From under the linoleum
Old newspapers show Mussolini's imperialism looked a lot like today's

I sat on the floor and picked through the tragedy of the country we now call Ethiopia laid out on the yellowing pages. It was eerily reminiscent of the current Iraq adventure.

A tale for our times
The December 1934 assassination of Sergei Kirov

Seventy years on, the killing of Sergei Kirov casts an eerie light on the events of 11 September 2001, the invasions of Iraq and Afghanistan, the “war on Terror” and the state-sponsored hysteria surrounding the shadowy figures of Osama bin Ladin and Abu Musab al-Zarqawi.

Ninety-three years of bombing the Arabs
It was the Italians, hell-bent on acquiring an African empire, who got the ball rolling. In 1911 the Libyan Arab tribes opposed an Italian invasion. Their civilians were the first people in the world to be bombed from the air.

Dispossessed all over again
After spending nearly two months in the West Bank the pull towards my village was growing stronger, especially after being detained twice and threatened with deportation … an Australian Palestinian returns to her ancestral home.

The tragic inevitability of a forlorn hope
Australia slides further into the Iraq quagmire
Cabinet documents recently released under the 50-year rule show that, in 1954, Liberal (conservative) Prime Minister, Robert Menzies, and key figures in his Cabinet were extremely gloomy about the prospects for success in an American war against nationalists in Indochina. But eventually they went to the Vietnam War anyway.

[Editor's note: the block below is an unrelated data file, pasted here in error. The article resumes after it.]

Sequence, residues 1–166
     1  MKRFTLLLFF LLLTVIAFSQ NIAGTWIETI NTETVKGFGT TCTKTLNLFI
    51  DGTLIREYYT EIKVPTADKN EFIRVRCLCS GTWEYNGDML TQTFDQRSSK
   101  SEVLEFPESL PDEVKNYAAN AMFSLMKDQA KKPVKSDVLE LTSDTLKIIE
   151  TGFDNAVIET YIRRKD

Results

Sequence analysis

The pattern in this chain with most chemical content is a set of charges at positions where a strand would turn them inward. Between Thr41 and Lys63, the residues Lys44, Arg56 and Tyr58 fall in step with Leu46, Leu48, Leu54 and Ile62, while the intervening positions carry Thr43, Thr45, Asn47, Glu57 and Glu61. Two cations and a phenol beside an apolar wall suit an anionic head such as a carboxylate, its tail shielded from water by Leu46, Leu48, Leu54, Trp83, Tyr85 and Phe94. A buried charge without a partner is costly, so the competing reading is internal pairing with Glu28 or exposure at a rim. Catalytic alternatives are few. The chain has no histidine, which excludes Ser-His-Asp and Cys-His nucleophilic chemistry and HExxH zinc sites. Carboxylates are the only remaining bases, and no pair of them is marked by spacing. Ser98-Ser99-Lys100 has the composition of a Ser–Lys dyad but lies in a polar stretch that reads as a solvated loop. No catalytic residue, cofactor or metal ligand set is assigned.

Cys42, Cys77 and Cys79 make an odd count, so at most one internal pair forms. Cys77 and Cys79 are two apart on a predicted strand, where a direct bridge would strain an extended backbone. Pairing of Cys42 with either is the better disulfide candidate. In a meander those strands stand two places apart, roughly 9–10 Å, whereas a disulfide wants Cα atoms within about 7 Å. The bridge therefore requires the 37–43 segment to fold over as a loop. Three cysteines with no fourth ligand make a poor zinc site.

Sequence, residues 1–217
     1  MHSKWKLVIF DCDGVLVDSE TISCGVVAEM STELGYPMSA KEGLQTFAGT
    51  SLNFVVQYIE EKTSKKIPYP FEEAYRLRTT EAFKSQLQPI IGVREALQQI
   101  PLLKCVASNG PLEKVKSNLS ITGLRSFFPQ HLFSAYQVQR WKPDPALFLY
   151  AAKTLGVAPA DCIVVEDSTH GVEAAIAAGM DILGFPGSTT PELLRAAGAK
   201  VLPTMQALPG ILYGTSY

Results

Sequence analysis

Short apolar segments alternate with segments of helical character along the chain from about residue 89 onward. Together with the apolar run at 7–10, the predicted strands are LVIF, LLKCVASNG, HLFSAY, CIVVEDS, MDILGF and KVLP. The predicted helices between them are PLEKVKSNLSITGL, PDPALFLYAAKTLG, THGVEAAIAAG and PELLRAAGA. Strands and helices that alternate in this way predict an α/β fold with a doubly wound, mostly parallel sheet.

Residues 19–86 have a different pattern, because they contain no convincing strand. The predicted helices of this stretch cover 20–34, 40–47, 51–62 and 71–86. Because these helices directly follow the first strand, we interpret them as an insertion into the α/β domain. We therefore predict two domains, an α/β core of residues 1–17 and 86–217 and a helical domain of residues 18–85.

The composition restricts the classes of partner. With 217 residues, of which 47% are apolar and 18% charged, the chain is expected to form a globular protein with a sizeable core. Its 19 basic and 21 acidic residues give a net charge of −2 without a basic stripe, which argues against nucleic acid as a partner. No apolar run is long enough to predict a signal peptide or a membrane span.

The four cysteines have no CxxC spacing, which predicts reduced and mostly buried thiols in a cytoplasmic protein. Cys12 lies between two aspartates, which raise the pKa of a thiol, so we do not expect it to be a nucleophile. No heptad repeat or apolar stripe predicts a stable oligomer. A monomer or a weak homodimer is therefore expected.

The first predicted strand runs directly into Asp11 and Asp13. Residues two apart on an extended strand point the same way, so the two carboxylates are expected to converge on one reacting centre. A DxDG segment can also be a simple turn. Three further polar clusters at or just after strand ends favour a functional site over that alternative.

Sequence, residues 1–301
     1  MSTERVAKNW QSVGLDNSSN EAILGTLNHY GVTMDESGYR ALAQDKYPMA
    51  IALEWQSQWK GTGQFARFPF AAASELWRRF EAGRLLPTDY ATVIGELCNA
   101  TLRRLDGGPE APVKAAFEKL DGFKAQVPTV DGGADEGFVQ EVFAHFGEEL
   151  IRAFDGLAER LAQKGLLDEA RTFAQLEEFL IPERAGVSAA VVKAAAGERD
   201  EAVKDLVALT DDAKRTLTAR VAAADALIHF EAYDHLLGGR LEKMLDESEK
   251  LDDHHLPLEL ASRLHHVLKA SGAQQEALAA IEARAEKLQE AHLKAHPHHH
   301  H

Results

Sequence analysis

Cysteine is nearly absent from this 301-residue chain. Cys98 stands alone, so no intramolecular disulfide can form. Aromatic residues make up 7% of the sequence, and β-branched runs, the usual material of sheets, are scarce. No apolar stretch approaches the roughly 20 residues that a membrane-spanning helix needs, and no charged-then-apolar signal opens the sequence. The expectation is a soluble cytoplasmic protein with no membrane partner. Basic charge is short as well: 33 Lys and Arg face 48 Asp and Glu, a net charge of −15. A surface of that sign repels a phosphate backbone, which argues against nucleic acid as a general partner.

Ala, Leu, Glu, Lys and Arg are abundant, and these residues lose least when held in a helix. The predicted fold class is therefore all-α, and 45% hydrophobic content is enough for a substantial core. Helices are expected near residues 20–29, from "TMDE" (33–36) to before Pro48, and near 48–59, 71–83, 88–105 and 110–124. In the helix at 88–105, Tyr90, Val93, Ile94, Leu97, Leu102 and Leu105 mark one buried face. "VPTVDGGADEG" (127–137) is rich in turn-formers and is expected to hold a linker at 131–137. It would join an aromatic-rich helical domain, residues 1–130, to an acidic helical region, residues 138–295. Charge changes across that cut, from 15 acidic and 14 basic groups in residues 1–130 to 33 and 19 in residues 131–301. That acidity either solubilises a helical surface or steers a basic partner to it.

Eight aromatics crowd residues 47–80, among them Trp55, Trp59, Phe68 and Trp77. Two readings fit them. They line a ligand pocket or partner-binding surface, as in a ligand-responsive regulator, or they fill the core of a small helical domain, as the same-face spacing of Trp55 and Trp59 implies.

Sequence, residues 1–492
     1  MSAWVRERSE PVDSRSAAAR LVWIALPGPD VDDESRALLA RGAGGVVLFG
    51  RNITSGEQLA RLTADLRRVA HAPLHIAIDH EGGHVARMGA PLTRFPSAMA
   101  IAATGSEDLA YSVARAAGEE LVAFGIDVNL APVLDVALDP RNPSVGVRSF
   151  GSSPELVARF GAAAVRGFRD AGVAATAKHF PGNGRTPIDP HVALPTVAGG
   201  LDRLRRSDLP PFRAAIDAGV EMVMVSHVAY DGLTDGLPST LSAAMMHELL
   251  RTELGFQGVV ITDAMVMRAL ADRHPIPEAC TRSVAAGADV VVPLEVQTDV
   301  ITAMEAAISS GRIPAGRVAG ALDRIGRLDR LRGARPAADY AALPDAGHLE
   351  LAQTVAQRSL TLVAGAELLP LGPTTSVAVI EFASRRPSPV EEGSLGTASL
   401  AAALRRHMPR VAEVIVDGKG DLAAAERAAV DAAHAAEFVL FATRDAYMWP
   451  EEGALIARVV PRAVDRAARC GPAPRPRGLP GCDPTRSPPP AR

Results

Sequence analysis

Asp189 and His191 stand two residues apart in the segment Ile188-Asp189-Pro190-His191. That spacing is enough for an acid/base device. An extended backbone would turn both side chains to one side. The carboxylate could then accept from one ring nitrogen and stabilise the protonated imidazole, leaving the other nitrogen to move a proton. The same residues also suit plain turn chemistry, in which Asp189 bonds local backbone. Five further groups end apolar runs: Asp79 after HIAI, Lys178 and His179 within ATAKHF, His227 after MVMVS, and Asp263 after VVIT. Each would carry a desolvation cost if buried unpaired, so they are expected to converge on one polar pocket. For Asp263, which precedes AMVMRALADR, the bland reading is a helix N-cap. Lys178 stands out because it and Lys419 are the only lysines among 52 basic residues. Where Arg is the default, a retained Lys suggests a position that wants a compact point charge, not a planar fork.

Bombing King David
One man’s freedom fighter is another’s terrorist

Some historians date the beginning of modern terrorism from the 1946 bombing by Zionist terrorists of the British military HQ in Jerusalem.

Don’t loiter near the exit
Military debacle and economic decline haunt the Bush regime

When I was just a young possum in the school cadet corps there was a hoary old war story that we all knew. It was almost certainly apocryphal, but it ruefully expressed a nasty historic truth about the US role in the demise of the British Empire.


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Praise The Market and pass the snake oil

7 July 1999

Ex-prime ministers were in the news last week. Bob Hawke (remember him) rushed to kiss Sir Peter Abeles shortly before the old transport magnate died, and more claims emerged about the big piggery deal that made Paul Keating even richer than he would have been if he'd had to rely on his parliamentary pension. In the prevailing climate, who can blame him? We all have standards. Perhaps he felt he had to keep up with the Soehartos.

The mainstream media sold the Abeles story as a penniless-migrant-makes-good yarn. A modern Australian nationalist, humanitarian, business visionary and friend of the working man. He was troubled by the very success of the "free market" and yearned for some force to civilize it, they said.